A Psychiatrist Weighs In: Can A Good Outfit Affect Your Mental Health?

Photo courtesy of Positive Prescription.
For many women, the pursuit of looking good feels like an indulgence — and most of the time, in the bad kind of way. But, New York-based psychiatrist Samantha Boardman disagrees: "A piece of clothing can help you feel strong and beautiful, even on the worst day. I really think that [clothes are] a positive intervention for people."
If that's a feel-good thought for you, it's no accident. Dr. Boardman has built her career on focusing on the good stuff. Her practice, Positive Prescription, encourages people to consider that building on what's already strong is just as important as fixing what's wrong. "You might have a mental illness, you might have depression, you might have anxiety, but it doesn't define you. It doesn't necessarily have to be your identity," Dr. Boardman tells us during the latest episode of UnStyled. Small gestures of self-care — what Dr. Boardman calls "fortifying" — aren't just fun, but they're necessary. How you take care of yourself, whether it's picking out your outfit, applying a pretty shade of red lipstick, or going to the gym — those things are integral to your mental health.
Tune in to the full episode below to hear more tips on how you can practice positive psychology yourself. Join Christene Barberich, global editor-in-chief and cofounder of Refinery29, for the full playlist of season one of UnStyled, all on iTunes, and see more of Dr. Boardman's interview, right here.

You can wear a piece of clothing that can help you feel strong.

There is an inordinate amount of pressure on young women to be successful, creative, beautiful, and desirable to a partner. In your profession, how do you guide them in having more perspective about how to manage these pressures?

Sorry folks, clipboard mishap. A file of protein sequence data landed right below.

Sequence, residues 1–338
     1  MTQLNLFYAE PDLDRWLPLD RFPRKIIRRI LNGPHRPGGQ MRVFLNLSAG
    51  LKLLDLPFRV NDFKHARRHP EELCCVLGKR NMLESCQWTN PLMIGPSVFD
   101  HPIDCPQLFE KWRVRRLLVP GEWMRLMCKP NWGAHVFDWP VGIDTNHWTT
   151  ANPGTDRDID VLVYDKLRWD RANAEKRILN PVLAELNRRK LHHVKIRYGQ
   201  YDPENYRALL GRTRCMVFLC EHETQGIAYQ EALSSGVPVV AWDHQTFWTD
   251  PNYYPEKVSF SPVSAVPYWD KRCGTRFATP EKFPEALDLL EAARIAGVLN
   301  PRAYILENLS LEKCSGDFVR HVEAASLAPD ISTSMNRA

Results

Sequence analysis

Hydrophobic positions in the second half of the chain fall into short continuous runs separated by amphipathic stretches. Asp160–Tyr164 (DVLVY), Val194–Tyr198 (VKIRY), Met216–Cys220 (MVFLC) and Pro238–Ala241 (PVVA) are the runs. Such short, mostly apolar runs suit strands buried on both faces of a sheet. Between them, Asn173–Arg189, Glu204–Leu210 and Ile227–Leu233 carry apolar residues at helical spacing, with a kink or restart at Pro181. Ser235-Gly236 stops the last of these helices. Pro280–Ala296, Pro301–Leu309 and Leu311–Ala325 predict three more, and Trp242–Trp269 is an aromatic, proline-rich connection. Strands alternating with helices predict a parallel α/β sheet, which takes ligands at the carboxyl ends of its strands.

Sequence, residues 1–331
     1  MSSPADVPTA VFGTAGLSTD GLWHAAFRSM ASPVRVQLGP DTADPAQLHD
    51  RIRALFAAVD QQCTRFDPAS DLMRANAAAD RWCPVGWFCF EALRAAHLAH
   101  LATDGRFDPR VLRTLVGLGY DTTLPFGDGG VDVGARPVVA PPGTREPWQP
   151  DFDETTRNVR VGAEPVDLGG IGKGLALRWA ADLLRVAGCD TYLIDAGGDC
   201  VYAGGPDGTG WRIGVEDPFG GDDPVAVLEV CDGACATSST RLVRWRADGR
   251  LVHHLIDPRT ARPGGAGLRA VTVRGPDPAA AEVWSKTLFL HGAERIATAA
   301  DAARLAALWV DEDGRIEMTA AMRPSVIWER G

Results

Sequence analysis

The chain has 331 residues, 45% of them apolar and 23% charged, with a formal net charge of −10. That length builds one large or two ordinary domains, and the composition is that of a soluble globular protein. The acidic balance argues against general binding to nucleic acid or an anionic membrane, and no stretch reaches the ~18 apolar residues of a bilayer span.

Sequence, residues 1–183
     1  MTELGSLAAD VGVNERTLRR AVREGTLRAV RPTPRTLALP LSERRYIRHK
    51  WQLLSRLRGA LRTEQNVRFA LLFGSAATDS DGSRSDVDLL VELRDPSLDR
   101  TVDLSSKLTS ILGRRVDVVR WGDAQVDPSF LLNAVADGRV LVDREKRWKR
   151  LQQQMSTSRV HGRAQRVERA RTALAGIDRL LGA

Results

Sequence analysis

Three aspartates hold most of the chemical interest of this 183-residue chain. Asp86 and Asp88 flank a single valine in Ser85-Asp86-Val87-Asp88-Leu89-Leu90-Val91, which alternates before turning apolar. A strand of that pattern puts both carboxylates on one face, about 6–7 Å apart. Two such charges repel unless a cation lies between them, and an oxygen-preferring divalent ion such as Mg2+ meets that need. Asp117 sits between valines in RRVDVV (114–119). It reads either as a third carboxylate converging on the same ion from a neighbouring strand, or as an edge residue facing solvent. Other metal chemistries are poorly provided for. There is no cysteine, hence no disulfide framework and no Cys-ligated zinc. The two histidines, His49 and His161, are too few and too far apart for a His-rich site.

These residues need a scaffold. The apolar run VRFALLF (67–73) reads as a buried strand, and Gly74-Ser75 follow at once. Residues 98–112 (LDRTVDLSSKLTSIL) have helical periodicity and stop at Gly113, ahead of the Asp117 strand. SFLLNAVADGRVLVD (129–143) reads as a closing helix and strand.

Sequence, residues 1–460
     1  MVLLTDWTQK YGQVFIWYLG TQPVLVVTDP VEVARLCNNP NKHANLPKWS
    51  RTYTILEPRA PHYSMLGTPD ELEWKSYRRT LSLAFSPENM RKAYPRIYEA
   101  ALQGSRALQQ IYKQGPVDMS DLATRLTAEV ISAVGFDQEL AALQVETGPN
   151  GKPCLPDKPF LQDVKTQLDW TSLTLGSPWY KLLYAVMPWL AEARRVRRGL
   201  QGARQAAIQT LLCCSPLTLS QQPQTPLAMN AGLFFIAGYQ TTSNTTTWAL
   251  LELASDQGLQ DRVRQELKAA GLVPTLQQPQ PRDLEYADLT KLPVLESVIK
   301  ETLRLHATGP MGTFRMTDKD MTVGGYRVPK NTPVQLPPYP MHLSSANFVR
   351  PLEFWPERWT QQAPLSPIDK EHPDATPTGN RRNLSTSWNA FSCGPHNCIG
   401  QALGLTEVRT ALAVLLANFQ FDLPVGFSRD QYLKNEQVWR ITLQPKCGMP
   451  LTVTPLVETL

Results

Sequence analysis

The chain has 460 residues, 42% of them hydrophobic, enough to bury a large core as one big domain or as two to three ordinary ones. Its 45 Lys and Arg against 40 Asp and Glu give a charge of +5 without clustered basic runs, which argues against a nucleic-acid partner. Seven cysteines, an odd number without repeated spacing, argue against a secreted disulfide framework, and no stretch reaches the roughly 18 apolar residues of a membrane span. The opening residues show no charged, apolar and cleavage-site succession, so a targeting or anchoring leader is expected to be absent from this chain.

"I'd say number one is to fortify themselves. I think young women are really bad at taking care of themselves. They're good at taking care of other people. But basic stuff — the I'll-sleep-when-I'm-dead mentality, you know. They're the first person in the office and last one to leave. Like how much sleep are you getting and how are you eating? These were things I never learned in medical school. That type of thing really can affect your mental health, and your ability to concentrate and your mood. What you need is to fortify yourself. Eating as well as you can, exercising. Are you staying up late checking Instagram, or using [technology] to help you stay stronger?"
You and I had some really beautiful shared appreciation around how person style can really enhance your mood. It can enhance your perception of yourself, how you project yourself in certain situations.
"There's been interesting studies with people who were asked to wear a white coat, and then given a multiple choice questionnaire of some math problems. Those who had the white coat on and knew it was a doctor's coat were much more likely to be more focused than those who weren't wearing a white coat. It shaped their behavior in ways that people who didn't wear the white coat didn't.
"We have this false notion that, 'I am who I am.' But I think around clothing, there are always these opportunities to expand ourselves and take advantage of the fact that our identities are so fluid. Clothing can actually be this sort of positive intervention that can help us get unstuck from this fixed sense of identify that isn't necessarily true."